Military spouse? Don’t ask, don’t tell

Slightly more than half of members of the Armed Forces are married and many of their spouses need to work. But getting a job can be difficult.

This article was originally published June 26, 2019.

Slightly more than half (54.8%) of members of the Armed Forces are married. Many of their spouses want, or need, to work but getting a job can be difficult, especially in some professional and administrative fields.

Many companies don’t want to invest in, train or pay somebody who almost certainly will be transferring, because of their spouse, in a year or two, year after year.

Telling a potential employer your spouse is in the military can hurt your chances of getting the good job you want, otherwise qualify for and need — big time.

In the past, hunting military spouses and civilian feds subject to frequent transfers have hidden, or tried to hide the fact that they are not “career” material because of the person they married. Some  employers are reluctant to hire someone who will almost certainly be relocating because of normal rotation, or maybe even sooner in the event of an emergency.

It puts a double burden on military families where two incomes isn’t a luxury, it’s a fact-of-life. But things may be changing thanks to new military spouse preference rules.

Job expert Kathryn Troutman, president of The Resume Place, has a new book aimed at military spouses looking for good, career-level jobs. Recent rule changes should make it easier for them to get decent jobs and stop hiding or downplaying the fact they are part of a mobile military-federal marriage. The trick is knowing the new rules and format changes and learning how to make your individual resume stand out.

Troutman is also the author of the “Federal Resume Guidebook,” the first ever book on federal resume writing, and the No. 2 resume book in the country. She’ll be my guest today at 10 a.m. EDT on Your Turn here on or on 1500 AM in the Washington, D.C. area. The show will also be archived for future listening.

Tell a friend in your job-hunting community. In the meantime, here are some of the 12 job hunting secrets we will be talking about:

  1. There is no more registration for federal jobs with the Priority Placement Program for Spouses (PPP-S) or any other program. PPP-S, which was a program to get military spouses into Defense Department positions, went away April 1. If previously registered in PPP-S, participants were deactivated on that date and can now use USAJobs to apply to any position for which they feel qualified.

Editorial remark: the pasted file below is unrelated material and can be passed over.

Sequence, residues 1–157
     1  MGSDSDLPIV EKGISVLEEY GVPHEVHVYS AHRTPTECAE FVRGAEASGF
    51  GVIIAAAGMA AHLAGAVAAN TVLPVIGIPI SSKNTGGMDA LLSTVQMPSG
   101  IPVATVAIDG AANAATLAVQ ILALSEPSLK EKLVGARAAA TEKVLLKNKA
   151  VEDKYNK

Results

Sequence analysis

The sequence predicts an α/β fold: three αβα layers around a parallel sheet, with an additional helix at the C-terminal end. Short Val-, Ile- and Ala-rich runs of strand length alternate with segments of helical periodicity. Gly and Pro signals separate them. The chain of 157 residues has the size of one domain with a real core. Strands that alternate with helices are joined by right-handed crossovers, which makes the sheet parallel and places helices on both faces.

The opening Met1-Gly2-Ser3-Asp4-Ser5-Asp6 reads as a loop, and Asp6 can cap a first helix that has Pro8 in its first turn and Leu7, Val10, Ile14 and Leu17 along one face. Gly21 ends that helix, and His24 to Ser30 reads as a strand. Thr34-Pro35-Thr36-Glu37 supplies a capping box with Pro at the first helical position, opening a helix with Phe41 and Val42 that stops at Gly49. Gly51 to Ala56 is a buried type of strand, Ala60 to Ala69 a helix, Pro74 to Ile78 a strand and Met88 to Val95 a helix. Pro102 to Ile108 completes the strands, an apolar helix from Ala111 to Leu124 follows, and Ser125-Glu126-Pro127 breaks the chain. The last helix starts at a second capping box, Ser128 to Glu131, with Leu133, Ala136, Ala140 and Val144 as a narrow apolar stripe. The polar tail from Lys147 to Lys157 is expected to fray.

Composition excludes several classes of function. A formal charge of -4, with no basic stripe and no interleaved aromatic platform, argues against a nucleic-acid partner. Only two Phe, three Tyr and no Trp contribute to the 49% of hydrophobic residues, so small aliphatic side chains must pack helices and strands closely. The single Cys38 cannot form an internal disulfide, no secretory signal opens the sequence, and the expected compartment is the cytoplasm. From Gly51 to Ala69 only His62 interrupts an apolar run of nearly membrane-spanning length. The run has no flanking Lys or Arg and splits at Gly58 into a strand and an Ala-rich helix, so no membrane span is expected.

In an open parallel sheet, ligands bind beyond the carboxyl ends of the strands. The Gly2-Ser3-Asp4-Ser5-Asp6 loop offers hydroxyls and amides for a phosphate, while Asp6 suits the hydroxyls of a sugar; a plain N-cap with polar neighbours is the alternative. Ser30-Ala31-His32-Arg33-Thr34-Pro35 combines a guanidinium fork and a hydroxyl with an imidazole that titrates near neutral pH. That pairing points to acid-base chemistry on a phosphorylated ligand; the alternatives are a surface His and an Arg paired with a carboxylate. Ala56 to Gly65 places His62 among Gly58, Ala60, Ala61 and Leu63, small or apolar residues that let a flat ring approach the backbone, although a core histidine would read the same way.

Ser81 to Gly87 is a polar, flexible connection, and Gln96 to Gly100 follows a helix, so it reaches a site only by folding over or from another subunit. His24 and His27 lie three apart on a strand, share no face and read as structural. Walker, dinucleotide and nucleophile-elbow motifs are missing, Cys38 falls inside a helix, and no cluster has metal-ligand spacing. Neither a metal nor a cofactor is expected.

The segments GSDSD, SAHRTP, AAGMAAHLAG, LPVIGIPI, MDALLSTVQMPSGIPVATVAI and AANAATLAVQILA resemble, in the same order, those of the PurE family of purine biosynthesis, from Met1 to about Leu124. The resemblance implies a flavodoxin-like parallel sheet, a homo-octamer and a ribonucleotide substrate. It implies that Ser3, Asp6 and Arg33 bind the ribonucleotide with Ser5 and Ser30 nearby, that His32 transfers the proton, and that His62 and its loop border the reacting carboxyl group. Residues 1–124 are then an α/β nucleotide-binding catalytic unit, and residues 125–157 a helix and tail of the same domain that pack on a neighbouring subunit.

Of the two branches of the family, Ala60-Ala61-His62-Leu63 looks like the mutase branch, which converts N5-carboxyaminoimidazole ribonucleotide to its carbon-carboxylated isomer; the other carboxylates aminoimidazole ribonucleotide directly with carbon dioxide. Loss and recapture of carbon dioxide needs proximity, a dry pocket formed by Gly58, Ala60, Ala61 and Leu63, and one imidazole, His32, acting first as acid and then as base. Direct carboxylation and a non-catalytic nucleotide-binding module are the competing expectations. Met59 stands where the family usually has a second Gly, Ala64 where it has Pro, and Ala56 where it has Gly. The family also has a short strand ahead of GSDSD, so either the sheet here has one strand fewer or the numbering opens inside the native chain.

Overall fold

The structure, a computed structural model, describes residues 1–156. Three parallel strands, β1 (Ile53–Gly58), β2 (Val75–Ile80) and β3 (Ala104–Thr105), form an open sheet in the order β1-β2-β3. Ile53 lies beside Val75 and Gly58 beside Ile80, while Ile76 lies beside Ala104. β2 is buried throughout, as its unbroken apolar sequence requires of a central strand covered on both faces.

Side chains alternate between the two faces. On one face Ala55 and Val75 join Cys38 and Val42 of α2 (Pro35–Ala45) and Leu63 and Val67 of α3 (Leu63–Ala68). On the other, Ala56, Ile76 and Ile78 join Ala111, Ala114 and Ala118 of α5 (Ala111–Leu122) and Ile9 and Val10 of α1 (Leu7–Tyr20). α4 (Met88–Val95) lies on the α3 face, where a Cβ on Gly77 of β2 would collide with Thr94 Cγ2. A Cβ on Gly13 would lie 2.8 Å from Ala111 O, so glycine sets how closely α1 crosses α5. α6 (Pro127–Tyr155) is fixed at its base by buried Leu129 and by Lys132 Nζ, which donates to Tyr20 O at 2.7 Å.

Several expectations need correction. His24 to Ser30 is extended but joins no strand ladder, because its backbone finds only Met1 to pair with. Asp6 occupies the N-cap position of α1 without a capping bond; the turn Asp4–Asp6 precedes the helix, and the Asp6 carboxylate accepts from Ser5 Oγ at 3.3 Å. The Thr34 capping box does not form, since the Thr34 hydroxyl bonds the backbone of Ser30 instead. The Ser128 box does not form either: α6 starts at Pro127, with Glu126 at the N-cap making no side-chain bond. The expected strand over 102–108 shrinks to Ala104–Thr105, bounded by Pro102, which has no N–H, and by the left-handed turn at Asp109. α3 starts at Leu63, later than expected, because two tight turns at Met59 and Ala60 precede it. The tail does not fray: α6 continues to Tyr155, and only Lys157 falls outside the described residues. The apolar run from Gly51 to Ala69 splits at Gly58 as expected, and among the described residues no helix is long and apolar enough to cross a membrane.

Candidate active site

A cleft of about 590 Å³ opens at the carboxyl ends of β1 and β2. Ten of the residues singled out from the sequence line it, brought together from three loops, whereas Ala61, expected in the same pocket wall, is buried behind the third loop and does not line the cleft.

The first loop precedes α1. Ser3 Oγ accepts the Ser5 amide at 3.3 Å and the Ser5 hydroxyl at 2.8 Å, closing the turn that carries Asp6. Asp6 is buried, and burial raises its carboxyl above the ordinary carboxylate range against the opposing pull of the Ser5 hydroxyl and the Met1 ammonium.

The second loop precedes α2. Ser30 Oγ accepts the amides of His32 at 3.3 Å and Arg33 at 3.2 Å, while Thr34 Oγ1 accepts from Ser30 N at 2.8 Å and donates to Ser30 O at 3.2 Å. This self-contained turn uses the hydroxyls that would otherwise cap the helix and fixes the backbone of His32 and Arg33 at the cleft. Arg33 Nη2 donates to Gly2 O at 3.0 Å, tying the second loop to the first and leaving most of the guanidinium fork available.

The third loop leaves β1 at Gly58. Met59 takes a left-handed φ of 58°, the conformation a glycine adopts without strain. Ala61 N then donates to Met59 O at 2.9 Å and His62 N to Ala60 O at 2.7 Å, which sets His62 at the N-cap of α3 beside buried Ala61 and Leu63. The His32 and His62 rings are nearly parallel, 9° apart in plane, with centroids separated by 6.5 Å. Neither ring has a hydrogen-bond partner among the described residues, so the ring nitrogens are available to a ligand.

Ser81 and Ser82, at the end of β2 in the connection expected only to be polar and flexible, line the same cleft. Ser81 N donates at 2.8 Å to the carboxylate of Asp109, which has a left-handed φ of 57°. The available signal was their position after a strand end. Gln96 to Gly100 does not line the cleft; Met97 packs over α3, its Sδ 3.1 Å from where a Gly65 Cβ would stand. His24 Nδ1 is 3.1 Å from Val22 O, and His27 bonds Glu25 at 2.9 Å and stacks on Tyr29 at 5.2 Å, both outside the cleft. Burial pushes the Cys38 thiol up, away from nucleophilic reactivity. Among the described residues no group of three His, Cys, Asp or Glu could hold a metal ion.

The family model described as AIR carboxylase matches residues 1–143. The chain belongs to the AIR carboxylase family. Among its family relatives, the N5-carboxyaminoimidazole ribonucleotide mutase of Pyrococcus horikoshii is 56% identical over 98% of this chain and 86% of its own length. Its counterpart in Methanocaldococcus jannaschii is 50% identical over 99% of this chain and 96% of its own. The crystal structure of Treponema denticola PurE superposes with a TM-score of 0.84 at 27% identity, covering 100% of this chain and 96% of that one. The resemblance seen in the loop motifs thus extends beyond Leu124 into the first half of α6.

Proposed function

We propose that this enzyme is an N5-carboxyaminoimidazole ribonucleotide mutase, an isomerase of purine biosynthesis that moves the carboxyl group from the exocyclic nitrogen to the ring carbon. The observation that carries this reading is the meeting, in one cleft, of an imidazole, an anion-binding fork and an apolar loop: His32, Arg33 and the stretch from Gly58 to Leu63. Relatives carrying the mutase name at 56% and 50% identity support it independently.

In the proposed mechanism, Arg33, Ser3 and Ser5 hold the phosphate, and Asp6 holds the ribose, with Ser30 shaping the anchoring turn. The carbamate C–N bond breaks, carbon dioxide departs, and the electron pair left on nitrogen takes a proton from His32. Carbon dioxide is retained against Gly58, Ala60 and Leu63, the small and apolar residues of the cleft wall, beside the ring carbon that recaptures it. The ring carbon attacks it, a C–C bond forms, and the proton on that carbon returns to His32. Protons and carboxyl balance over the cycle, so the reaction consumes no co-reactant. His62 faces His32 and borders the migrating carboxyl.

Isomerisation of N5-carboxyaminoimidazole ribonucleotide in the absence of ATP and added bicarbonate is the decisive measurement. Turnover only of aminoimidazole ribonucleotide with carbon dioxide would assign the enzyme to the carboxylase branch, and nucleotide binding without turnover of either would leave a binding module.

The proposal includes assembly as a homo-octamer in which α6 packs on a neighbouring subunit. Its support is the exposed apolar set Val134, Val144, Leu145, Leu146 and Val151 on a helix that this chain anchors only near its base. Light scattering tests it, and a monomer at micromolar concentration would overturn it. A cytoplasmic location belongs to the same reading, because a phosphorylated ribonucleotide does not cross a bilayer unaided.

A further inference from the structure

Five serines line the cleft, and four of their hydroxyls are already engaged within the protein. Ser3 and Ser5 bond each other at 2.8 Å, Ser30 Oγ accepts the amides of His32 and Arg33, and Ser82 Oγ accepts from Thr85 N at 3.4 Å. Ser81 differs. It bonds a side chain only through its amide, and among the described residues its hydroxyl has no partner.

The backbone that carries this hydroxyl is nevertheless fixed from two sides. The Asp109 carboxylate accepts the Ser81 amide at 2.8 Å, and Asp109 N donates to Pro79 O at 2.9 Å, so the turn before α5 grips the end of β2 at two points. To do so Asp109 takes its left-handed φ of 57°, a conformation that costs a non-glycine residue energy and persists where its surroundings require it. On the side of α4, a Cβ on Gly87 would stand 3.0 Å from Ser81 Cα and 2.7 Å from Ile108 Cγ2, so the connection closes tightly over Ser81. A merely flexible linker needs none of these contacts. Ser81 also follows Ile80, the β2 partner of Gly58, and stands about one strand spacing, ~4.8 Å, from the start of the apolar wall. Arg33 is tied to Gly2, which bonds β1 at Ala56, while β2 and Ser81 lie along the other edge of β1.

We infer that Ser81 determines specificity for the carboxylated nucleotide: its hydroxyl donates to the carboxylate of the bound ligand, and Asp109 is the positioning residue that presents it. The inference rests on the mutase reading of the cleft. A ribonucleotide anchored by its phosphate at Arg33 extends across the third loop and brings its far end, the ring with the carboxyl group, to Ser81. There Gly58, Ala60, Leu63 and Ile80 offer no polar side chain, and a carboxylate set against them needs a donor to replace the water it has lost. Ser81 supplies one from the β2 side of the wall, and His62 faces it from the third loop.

2. Documents are important — military spouses must upload their service member’s PCS Orders, their marriage certificate and, for DoD jobs, the PPP Checklist into USAJob’s application system to utilize the MSP hiring authority. Even if an applicant is very qualified, missing paperwork makes them ineligible.
  3. Military spouses can apply to “federal employee” announcements on USAJobs that allow military spouse applicants. The key here is to search for a green widget on the job posting that looks like two wedding rings hooked together. That’s the sign that military spouses are eligible for that particular opening.
  4. With “military spouse” and “federal employee/military spouse” positions, Veterans’ Preference is not applied. With the military spouse and federal employee announcements there is an equal playing field among the applicants: Federal employees, Veterans Employment Opportunity Act veterans, military spouses, Schedule A applicants – all of the other special hiring authorities.
  5. Military spouses can add their PCS military career history to their federal resumes. That way, they will be easily identified as a military spouse and gaps in their work history will be understood. This is a new idea developed by author Kathryn Troutman. She was looking for a way to make the resumes of military spouses stand out. Her book, “The Stars Are Lined Up for Military Spouses for Federal Careers” (second edition) provides six excellent sample fed resumes that show how military spouses can best present their atypical background that is dedicated to the military service career.
  6. Another improvement: EO-13473 can be used the entire time at each installation, instead of the former two years. Troutman noted that the original rules were very difficult. The spouse had to get family situated and adjusted, and also land a job in two years on base. No more!

Nearly Useless Factoid

By Amelia Brust

The English word “janitor” comes from the Roman god Janus, believed to have two faces and who represented the beginning and the end. He was considered the gatekeeper of the universe, and his symbols included keys and a porter’s staff. By the 1500s the term could refer to a custodian or caretaker responsible for looking after a building. Today’s janitors still often carry a set of keys to every door.


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